After two seasons with the Thunderbirds including one Canada West title, Jadon Cohee made the jump to playing professional basketball overseas with Mgzavrebi-Armia Tbilisia of the Georgia Superleague.
More recently, Cohee was chosen to be a part of Canada’s senior national team and will be set to compete at the FIBA Americup in 2022.
However, even though he has been given the honour to represent his country internationally, Cohee knows that it won’t be easy to earn minutes with the team.
Canada was set to play four games in the FIBA Americup Qualifiers but was only able to compete in two after Cuba backed out of the tournament. This meant that Cohee had fewer opportunities to get on the court and he ended up watching from the sidelines during Canada’s games against the Virgin Islands while also nursing an injury.
“I had to watch both games, which was a humbling experience, but I learned a lot. A lot of the guys ahead of me were ... who play at super high levels in Europe,” said Cohee.
Even though Canada’s basketball program has experienced exponential growth in recent years, there’s no doubt that the United States is still one of the prohibitive favourites to win the tournament.
In fact, the Canadians have never won Americup before and their last gold medal game was in 1999. When asked how the team plans on pulling off an upset next year, Cohee said that the key is to focus on one game at a time.
“The way we looked at Americup was, [we have to] win our games one at a time, win our two games and keep advancing … Even though we say that we want to win a championship, we don't really look way ahead at the end goal. We have the end goal in mind, [but] you have to get better every time you step [on the court] to have a chance to win in the end,” said Cohee.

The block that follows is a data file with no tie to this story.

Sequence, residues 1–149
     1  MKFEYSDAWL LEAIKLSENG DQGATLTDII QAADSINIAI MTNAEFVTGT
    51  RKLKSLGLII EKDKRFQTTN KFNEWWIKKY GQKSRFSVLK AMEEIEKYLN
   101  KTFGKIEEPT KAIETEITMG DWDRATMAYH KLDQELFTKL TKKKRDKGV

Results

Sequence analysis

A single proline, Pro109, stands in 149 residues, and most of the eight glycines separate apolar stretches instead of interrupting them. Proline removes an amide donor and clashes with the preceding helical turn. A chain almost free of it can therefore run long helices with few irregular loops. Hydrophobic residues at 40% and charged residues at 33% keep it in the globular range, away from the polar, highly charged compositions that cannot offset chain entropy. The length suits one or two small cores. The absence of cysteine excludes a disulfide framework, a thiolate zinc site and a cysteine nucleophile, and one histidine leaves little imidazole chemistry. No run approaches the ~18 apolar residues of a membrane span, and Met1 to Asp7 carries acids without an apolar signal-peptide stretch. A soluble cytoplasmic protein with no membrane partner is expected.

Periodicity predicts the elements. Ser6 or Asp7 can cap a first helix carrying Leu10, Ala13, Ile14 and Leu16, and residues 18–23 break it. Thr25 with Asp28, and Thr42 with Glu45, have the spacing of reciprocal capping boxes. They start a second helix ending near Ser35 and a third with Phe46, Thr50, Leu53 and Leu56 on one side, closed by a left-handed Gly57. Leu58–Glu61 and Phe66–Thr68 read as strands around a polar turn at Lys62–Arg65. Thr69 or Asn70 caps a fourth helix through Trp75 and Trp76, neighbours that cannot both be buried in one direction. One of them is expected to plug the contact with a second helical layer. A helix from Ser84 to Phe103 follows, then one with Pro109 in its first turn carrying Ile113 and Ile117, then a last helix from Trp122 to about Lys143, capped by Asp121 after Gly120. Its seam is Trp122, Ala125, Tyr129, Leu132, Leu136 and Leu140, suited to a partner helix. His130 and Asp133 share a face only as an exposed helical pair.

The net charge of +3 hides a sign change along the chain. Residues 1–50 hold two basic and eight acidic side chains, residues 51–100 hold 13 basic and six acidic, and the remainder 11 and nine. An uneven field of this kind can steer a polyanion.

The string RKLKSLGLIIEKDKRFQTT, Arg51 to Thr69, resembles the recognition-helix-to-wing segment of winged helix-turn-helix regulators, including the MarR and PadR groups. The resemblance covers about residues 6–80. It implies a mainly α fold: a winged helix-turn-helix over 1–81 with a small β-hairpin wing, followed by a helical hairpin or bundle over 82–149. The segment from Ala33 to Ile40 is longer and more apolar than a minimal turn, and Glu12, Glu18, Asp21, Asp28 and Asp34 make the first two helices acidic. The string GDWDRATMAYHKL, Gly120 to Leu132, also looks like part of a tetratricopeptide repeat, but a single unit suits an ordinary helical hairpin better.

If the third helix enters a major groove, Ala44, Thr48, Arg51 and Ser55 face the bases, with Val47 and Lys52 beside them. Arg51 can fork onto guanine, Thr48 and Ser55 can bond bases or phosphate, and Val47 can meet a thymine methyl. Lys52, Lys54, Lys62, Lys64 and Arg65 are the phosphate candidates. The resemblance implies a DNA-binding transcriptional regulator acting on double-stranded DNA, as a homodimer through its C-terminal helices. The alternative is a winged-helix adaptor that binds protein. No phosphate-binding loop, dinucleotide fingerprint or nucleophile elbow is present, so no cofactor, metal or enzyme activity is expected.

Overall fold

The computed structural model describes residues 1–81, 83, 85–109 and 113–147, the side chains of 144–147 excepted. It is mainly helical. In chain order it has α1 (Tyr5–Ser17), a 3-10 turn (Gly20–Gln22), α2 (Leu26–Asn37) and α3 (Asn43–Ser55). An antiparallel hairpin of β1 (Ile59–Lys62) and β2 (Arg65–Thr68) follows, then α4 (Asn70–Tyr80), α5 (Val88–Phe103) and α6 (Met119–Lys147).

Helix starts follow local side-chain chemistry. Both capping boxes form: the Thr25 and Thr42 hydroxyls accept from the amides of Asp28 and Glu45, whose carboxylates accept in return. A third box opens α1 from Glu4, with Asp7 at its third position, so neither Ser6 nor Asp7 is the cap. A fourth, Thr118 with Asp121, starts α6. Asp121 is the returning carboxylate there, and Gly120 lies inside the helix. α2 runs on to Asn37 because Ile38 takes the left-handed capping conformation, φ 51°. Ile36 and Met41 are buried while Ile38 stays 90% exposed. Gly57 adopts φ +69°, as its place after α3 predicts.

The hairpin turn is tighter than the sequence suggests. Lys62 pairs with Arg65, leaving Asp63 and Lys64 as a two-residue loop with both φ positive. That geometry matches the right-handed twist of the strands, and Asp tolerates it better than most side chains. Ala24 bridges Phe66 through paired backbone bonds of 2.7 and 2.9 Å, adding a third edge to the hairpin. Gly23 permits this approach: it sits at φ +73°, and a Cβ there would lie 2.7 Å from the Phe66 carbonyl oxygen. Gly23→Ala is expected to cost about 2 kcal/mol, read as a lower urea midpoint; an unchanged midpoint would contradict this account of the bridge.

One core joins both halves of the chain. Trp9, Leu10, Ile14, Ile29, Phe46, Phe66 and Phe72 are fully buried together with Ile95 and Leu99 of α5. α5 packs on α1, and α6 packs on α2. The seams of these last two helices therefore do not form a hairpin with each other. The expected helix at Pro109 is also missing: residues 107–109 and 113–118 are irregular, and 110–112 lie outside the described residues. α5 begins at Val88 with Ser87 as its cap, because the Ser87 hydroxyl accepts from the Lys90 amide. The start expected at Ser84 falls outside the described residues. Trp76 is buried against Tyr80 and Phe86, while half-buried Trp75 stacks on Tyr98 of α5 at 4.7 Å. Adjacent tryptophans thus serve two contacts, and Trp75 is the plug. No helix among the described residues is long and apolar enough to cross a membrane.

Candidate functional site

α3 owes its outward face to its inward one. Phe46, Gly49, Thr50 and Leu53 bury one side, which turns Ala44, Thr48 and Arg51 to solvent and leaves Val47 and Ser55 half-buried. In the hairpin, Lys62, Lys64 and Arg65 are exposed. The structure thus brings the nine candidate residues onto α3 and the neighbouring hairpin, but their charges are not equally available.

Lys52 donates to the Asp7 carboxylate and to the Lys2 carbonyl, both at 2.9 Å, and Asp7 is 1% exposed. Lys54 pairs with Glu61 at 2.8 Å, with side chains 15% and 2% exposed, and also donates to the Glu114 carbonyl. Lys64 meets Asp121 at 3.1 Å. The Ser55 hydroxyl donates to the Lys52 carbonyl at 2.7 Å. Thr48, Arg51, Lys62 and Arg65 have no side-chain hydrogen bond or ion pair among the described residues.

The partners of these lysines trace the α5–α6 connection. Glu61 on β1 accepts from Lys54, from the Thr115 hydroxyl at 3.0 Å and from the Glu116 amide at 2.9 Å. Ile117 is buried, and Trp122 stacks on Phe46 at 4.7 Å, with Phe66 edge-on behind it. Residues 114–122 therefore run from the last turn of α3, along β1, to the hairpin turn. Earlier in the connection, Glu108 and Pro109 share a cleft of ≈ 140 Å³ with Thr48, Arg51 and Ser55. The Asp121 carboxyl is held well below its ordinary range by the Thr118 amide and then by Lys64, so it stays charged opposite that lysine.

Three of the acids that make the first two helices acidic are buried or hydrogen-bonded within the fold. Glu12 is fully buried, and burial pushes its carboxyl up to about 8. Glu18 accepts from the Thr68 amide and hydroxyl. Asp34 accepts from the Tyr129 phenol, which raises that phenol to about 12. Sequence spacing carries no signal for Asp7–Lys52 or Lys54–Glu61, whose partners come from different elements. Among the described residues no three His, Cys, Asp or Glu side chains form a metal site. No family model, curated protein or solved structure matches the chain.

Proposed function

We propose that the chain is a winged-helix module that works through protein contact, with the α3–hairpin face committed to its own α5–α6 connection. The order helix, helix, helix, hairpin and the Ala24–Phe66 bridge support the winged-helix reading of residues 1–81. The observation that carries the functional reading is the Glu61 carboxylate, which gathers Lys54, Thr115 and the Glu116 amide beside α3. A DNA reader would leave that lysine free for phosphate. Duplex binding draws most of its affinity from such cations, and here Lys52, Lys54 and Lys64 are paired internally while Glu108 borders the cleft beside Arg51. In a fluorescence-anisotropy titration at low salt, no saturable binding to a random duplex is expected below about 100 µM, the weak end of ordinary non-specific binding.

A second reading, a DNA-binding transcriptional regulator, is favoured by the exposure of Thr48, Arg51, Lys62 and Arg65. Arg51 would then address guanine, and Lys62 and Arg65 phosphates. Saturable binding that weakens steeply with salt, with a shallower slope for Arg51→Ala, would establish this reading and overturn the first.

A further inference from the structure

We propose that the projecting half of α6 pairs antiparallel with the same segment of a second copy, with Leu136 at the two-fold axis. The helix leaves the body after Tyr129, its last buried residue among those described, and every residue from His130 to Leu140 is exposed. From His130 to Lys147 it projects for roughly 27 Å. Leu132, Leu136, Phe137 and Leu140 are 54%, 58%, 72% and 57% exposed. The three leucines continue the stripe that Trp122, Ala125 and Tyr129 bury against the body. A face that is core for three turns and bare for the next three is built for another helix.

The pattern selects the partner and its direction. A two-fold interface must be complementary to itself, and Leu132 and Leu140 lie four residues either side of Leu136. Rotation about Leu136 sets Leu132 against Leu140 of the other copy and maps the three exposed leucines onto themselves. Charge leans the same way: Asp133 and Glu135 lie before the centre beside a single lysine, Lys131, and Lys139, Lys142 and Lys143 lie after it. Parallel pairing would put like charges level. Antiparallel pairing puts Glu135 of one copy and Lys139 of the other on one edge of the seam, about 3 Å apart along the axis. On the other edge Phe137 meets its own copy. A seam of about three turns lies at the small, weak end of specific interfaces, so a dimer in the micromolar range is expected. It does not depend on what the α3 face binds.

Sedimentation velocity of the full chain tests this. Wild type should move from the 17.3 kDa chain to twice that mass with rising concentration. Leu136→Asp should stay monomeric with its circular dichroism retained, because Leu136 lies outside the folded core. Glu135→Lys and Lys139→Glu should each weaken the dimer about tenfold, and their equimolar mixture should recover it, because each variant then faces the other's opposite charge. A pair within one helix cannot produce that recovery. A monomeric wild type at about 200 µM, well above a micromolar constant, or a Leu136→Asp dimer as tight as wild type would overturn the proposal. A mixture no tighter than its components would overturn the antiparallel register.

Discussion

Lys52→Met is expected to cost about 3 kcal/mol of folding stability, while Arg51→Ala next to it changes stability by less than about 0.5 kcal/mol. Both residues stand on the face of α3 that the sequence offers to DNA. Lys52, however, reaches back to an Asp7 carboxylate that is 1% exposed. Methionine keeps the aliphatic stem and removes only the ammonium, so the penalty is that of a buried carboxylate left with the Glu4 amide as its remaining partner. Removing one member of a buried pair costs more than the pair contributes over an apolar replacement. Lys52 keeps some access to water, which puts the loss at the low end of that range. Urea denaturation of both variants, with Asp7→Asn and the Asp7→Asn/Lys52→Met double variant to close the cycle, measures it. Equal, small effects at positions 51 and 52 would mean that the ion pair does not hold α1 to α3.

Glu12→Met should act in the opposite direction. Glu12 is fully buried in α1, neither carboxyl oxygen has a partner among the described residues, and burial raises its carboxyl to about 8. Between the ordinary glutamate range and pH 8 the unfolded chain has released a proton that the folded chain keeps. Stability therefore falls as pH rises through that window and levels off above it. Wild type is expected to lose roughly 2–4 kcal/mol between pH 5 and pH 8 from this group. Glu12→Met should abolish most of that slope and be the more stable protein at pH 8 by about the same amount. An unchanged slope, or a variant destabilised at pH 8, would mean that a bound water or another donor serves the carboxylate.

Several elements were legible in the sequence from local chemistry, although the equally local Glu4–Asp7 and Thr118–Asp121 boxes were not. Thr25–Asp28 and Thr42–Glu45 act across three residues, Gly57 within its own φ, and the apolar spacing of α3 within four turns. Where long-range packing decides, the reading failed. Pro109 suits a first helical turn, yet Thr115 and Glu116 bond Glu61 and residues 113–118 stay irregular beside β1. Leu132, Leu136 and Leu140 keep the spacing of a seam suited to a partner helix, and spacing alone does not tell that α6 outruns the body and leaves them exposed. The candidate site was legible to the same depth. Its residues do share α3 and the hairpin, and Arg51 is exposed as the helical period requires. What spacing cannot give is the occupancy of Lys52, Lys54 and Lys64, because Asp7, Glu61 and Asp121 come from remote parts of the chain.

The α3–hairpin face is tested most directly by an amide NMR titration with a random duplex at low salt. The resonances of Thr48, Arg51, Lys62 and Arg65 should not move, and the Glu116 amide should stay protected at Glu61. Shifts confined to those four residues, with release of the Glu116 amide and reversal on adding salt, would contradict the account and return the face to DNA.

With Americup 2022 still more than a year away, Cohee is currently focused on finishing his season on a strong note with Mgzavrebi before returning to Vancouver for some offseason training.
With him set to be a free agent, Cohee hasn’t decided where he will play next year and plans on sitting down with his agent to find a team in Europe that can use his talents.
Of course, the current pandemic has thrown a wrench into his plans, but Cohee is still doing everything he can to continue working on his game.
In Georgia, he doesn’t even have access to gyms outside of matches and team practices, so he’s needed to resort to other methods of training.
“I was training outdoors quite a bit. I was kind of trying to do anything [that] I could to get by [but] it just puts you at such a disadvantage [when compared to] a lot of guys in America,” said Cohee.
Even during these suboptimal circumstances, Cohee has managed to stay motivated. He credits this to his belief in himself, which is also the best advice he’s ever received.
“The hardest struggle for anyone at any craft is fully believing in yourself at all times … [It] sounds simple, but it's a lot harder than people think,” said Cohee.
More importantly, Cohee has been able to stay focused even in the midst of all the attention he’s received, and he wants to remind aspiring athletes to focus on their game rather than the fame and fortune that comes with the career.
“If you want to be a professional athlete, you’ve got to do it for the right reasons. You’ve got to be in the gym because you really love the game, [and] not for all the extracurriculars and other stuff that comes with it.”